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A life in exile

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THE DEBUT A still from the film
THE DEBUT A still from the film "Dreaming Lhasa".

RANA SIDDIQUI

Well-known documentary makers Ritu Sarin and Tensing Sonam have come up with their first feature film, "Dreaming Lhasa".

They say that you can't tell a book from a film. But what about a tale that is found in books, in photographs and yet the films that are made on it aren't true to the real tale? It hurts those who know what's true in the tale and what is being projected. And hence, famous documentary maker husband and wife duo Ritu Sarin and Tensing Sonam d ecided to produce their first feature film on the subject close to their hearts, Tibet. This 90-minutes film "Dreaming Lhasa" having many firsts to its credit from actors to music, will be screened this Saturday at Stein Auditorium, India Habitat Centre at 7 p.m. while the cinema release comes next Friday with evening shows at PVR Spice in Noida. The film, symbolising the search for roots, revolves around the character of a Tibetan filmmaker Karma. She goes from New York to Dharamsala, the Dalai Lama's headquarters in northern India to make a documentary on former political prisoners who have escaped from Tibet. Here she meets and interviews Dhondup, a mysterious monk who has just escaped from Tibet. In her, Dhondup confides that he is actually in Indi a to fulfil his dying mother's last wish to deliver a charm box to a long-missing resistance fighter. While Karma herself wants to reconnect with her roots in India. In the film that was shot in Dharamsala, Majnu Ka Teela in Delhi, Jaipur, Dehra Dun and some Tibetan camps within 34 days, Tenzin Chokyi, a-30-year-old Tibetan banker who grew up in the U.S., plays Karma. Tenzin has no prior acting experience unlike Kathmandu-based Jhampa Kalsang, who plays Dhondup. Jhampa is a Tibetan who had spent all his life in India and Nepal.Jhampa had earlier played a role in a feature film, "Windhorse". Sonam has penned the script of the film while Ritu has produced it.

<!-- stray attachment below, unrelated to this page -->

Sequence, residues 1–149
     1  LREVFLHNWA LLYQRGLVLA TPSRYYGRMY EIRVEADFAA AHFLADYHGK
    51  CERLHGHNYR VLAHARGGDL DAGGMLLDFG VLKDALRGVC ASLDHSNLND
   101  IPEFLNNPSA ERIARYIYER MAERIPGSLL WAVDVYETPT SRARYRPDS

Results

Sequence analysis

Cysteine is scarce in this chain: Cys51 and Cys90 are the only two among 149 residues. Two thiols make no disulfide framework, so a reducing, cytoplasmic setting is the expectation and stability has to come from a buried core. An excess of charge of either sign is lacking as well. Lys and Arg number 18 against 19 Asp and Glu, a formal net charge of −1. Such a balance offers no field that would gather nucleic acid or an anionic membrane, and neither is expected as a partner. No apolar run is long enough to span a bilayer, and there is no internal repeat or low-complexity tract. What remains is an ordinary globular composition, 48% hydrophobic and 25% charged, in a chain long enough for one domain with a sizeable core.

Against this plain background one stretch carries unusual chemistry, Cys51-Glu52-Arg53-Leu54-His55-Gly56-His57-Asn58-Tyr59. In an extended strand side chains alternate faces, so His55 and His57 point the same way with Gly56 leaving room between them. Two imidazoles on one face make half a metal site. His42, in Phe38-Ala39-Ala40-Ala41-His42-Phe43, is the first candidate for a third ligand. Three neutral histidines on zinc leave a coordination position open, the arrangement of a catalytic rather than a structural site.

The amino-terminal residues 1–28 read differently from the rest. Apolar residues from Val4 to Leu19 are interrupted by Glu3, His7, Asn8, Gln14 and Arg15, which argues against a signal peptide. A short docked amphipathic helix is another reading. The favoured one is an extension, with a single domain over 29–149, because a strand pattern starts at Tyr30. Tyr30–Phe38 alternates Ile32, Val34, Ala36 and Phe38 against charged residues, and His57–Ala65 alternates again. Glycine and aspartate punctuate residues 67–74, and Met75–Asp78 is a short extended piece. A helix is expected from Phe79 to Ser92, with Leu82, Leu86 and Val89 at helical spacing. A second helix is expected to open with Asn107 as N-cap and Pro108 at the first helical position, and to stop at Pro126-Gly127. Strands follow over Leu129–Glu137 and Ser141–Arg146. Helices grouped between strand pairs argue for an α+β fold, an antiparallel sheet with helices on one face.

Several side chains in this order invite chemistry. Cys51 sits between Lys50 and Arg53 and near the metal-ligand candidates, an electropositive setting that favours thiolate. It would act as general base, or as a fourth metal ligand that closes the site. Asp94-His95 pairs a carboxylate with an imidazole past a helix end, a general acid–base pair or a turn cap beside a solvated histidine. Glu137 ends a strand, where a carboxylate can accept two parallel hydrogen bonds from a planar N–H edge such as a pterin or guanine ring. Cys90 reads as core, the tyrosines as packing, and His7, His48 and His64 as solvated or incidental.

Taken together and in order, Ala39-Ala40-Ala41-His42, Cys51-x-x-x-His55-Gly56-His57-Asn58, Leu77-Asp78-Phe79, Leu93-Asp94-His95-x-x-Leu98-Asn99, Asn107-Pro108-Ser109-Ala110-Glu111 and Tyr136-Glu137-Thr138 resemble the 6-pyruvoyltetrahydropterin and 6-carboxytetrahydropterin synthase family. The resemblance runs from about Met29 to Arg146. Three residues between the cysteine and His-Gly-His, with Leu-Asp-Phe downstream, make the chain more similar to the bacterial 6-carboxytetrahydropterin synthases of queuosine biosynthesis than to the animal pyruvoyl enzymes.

Digital music

The film that is a result of a two-week workshop with Barry John and a month's rehearsals has some Indian music, dubbed reggae also. Andy Spence, a London-based electronic artist/ producer, and Techung, a Tibetan musician based in California, have together scored the music for the film. For the first time, super-16 digitalised music is blown up to a format of 35 which makes the film "technically global", as Ritu Sarin puts it. "It is unfortunate that Dharamsala is projected only as a religious ha unt with restrictions on personal choices in life. There, young monks enjoy reggae music, organise and attend parties. We have shown it as it is. We haven't given it an exotic touch. The film explains how it feels to be a Tibetan in exile," says Sarin.Th e film, which has travelled to various film festivals in Spain, the U.S., Singapore and Brazil will go to Thailand and Canada this February.


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